There is a new movement afoot in the world of business, namely social finance, and a new concurrency in the ethical, diverse and empathetic way that organisations with an appropriate mission are related to, funded and supported. Both from the world view of the consumer, but also the wholesale and retail social finance sector.
There is also a stirring of new thought and sensibility in the world of economics. How it is taught, how it is understood in terms of social impact and how diversity of viewpoint, model and perception should be just as important as rigid neo-classical dogma.
In the North West of England this new thought is well expressed by the University of Manchester Post-Crash Economics Society (PCES). Their paper Economics, Education and Unlearning is at once a polemic against the orthodoxy of their present academic tutorial staff and system, but is also a proxy for how a new generation of economics graduates will come to see this diversity and system choice in framing new concepts for the future.
Much of the PCES paper is a critique of the detailed processes of tutorials and curriculum delivery at the University. However, there is also much to be gained from a reading by those interested in economic thought in the wider context.
The students argue that the sole focus on the neo-classical mode of economic thought leaves all alternative theories and approaches in the void. The students argue in their paper that to be equipped as economists in a world of variety, choice and new model start-ups, then they should be able to abandon the…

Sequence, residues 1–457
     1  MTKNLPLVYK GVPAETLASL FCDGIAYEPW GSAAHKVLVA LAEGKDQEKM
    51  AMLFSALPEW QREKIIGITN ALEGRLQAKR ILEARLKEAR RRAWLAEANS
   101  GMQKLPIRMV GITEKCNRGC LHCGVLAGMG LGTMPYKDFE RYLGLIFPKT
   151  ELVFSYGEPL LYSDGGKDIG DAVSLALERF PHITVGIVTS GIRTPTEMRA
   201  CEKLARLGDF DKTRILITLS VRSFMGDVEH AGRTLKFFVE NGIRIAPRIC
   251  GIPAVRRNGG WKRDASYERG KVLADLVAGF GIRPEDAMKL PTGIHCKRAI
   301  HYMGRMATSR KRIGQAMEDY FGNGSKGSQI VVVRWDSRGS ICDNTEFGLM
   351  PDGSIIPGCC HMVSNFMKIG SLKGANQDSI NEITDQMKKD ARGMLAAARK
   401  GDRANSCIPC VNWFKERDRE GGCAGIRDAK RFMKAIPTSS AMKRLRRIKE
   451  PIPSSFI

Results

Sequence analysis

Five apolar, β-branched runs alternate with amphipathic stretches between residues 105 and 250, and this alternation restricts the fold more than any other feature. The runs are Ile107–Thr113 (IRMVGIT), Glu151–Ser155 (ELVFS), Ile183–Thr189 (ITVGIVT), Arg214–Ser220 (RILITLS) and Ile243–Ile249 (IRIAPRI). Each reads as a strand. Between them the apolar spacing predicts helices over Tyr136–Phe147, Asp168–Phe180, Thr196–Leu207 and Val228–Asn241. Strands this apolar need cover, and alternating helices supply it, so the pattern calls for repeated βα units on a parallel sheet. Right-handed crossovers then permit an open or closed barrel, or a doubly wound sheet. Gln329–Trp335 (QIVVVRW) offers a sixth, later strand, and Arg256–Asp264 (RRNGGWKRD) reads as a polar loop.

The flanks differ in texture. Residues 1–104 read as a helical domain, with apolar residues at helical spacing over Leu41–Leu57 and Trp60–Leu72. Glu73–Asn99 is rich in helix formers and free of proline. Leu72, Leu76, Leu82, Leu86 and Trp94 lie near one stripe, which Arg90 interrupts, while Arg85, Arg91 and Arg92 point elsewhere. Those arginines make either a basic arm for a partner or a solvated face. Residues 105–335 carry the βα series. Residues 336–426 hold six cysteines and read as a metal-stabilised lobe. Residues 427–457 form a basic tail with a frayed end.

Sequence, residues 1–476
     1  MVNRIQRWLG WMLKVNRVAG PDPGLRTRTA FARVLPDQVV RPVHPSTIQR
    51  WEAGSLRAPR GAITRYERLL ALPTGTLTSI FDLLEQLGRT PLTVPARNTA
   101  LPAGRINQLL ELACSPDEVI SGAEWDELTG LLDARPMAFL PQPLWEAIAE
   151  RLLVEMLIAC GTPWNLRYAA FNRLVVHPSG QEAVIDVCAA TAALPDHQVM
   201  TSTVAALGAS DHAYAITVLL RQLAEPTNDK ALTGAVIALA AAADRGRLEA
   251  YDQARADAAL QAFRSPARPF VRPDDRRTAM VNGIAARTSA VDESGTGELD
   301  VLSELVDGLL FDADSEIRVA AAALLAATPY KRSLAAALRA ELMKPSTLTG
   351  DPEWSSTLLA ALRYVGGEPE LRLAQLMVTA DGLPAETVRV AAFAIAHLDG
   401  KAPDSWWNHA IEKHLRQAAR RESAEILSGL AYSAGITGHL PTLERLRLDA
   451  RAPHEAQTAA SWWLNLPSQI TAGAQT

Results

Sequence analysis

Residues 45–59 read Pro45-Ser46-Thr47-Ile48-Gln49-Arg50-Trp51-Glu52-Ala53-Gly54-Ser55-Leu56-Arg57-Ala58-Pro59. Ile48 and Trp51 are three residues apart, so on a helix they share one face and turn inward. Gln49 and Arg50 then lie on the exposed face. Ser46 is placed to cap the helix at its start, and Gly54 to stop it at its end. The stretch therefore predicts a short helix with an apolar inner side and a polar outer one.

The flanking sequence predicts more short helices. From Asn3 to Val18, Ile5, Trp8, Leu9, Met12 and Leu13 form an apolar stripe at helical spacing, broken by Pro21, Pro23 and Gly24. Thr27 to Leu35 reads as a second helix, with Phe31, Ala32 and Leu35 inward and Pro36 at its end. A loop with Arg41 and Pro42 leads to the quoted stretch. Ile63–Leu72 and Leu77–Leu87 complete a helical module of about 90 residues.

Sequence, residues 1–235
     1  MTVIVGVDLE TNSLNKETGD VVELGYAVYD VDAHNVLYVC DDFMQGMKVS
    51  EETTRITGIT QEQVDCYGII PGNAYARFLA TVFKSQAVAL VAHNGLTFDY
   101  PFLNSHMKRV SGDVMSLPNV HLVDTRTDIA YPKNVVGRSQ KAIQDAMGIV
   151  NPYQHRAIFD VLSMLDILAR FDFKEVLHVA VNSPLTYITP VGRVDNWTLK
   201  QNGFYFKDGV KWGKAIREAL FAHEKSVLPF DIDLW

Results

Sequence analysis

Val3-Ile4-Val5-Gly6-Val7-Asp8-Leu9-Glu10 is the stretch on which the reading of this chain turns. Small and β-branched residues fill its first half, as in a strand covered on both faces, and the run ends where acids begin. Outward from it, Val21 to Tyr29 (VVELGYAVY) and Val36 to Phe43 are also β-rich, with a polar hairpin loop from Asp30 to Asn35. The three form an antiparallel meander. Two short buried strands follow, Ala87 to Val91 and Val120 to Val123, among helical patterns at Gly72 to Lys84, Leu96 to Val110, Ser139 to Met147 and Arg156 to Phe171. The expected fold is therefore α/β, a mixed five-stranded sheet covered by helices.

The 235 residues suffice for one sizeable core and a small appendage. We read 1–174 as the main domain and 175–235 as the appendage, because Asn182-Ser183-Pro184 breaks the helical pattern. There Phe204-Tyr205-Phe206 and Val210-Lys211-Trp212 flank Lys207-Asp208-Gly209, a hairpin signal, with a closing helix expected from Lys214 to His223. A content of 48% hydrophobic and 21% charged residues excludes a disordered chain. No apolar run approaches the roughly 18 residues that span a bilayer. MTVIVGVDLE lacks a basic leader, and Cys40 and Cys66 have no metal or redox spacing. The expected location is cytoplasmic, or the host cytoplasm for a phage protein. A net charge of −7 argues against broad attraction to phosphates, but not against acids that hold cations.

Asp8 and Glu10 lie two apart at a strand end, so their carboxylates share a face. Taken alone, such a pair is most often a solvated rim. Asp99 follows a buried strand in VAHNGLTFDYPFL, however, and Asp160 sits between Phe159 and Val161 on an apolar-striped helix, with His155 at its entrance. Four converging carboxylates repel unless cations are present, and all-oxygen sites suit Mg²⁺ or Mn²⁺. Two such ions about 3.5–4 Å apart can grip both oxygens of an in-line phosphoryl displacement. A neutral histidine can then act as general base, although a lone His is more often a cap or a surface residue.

elevated economic paradigm, often called neoclassical economics, as the sole object of study. Other schools of thought such as institutional, evolutionary, Austrian, post-Keynesian, Marxist, feminist and ecological economics are almost completely absent…
In the real world it is these shades or degrees of economic thought which so often temper the real aspirations of economic players, at the local, regional, national and now often, international level.
Interestingly, the forward to the paper is delivered by Andrew Haldane of the Bank of England. In it he describes how the Adam Smith concept of the ‘invisible hand’ in Smith’s 1776 book The Wealth of Nations gave us the prime mover of neo-classical economics. That the ‘…pursuit of self interest, at the level of the household or firm, resulted in aggregate outcomes which could be optimal for society as a whole’. The thesis that greed is good, that competition triumphs all.
Haldane’s argument is that for the 21st Century, for a social finance environment, built on an ethical and socially responsible framework, it is Smith’s earlier work, The Theory of Moral Sentiments, published in 1759 that should now become our principal text, ‘…it places centre stage concepts such as reciprocity and fairness, values rather than value’.
Whatever your originating position on economics, from neo-con to Marxist- feminist and all hues in between, we hope you can be persuaded that the students of Manchester, and other centres of learning, have marshalled a compelling set of arguments to amend and redirect the teaching of economics in the U.K. It bodes well, we would argue, to have a new generation of economic thinkers unafraid to mould theory and practice into a many headed fiscal hydra, in order to eat into the economic disenfranchisement and unfair distribution of so much of the world’s population.
We were uplifted.